3


BANNER CORPORATION AND SUBSIDIARIES
CONSOLIDATED STATEMENTS OF FINANCIAL CONDITION
(Unaudited) (In thousands, except shares)
September 30, 2016 and December 31, 2015
ASSETS
September 30
2016

 
December 31
2015

Cash and due from banks
$
161,710

 
$
117,657

Interest bearing deposits
84,207

 
144,260

Total cash and cash equivalents
245,917

 
261,917

Securities—trading, amortized cost $36,119 and $39,344, respectively
30,889

 
34,134

Securities—available-for-sale, amortized cost $993,913 and $1,139,740, respectively
1,006,414

 
1,138,573

Securities—held-to-maturity, fair value $283,303 and $226,627, respectively
271,975

 
220,666

Federal Home Loan Bank (FHLB) stock
12,826

 
16,057

Loans held for sale
123,144

 
44,712

Loans receivable
7,398,637

 
7,314,504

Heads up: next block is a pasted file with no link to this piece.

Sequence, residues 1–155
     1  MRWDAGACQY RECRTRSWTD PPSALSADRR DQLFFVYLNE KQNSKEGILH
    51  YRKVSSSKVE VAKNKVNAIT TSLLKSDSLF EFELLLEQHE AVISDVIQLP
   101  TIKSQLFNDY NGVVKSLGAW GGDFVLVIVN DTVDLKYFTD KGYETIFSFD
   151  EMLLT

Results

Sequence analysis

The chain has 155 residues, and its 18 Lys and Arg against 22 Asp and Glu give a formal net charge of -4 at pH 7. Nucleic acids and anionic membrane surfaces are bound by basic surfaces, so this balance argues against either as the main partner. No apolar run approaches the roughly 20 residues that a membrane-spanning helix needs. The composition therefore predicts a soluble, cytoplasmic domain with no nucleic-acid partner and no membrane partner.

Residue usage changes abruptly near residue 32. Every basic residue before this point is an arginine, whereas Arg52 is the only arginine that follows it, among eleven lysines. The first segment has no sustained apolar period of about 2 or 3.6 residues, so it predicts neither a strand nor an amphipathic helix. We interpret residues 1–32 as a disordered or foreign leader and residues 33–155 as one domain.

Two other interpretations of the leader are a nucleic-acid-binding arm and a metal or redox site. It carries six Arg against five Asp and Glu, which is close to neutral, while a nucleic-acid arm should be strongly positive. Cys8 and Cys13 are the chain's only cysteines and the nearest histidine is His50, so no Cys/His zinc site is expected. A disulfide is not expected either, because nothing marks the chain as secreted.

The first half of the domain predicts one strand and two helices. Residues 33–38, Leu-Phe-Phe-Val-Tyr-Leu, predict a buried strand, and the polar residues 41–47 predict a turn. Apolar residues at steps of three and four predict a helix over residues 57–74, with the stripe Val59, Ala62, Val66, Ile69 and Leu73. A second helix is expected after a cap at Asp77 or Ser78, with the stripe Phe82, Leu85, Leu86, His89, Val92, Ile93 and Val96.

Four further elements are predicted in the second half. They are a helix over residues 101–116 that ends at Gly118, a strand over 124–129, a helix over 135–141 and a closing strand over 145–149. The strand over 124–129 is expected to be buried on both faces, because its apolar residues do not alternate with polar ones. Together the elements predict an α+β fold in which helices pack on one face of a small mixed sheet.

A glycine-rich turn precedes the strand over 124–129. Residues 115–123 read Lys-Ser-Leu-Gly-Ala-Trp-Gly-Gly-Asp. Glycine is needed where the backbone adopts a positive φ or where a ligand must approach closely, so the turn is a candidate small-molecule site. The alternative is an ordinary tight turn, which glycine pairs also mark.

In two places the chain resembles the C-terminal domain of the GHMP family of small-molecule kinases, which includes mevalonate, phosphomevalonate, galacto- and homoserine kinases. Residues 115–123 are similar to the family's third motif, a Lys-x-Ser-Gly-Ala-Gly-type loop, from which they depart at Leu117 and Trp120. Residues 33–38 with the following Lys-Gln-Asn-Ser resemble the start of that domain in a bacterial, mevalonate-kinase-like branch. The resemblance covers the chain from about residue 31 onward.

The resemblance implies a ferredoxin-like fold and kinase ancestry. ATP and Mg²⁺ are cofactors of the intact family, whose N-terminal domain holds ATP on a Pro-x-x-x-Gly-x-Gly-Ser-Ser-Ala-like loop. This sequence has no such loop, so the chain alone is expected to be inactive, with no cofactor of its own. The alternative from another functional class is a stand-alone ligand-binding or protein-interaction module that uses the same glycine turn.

Allowance for loan losses
(84,220
)
 
(78,008
)
Net loans
7,314,417

 
7,236,496

Accrued interest receivable
30,345

 
29,627

Real estate owned (REO), held for sale, net
4,717

 
11,627

Property and equipment, net
167,621

 
167,604

Goodwill
244,583

 
247,738

Other intangibles, net
31,934

 
37,472

Bank-owned life insurance (BOLI)
158,831

 
156,865

Deferred tax assets, net
124,830

 
134,970

Other assets
72,585

 
57,840

Total assets
$
9,841,028

 
$
9,796,298

LIABILITIES
 
 
 
Deposits:
 
 
 
Non-interest-bearing
$
3,190,293

 
$
2,619,618

Interest-bearing transaction and savings accounts
3,798,668

 
4,081,580

Interest-bearing certificates
1,123,011

 
1,353,870

Total deposits
8,111,972

 
8,055,068

Advances from FHLB at fair value
62,342

 
133,381

Other borrowings
108,911

 
98,325

Junior subordinated debentures at fair value (issued in connection with Trust Preferred Securities)
94,364

 
92,480

Accrued expenses and other liabilities
92,783

 
76,511

Deferred compensation
39,385

 
40,474

Total liabilities
8,509,757

 
8,496,239

COMMITMENTS AND CONTINGENCIES (Note 13)

 

SHAREHOLDERS’ EQUITY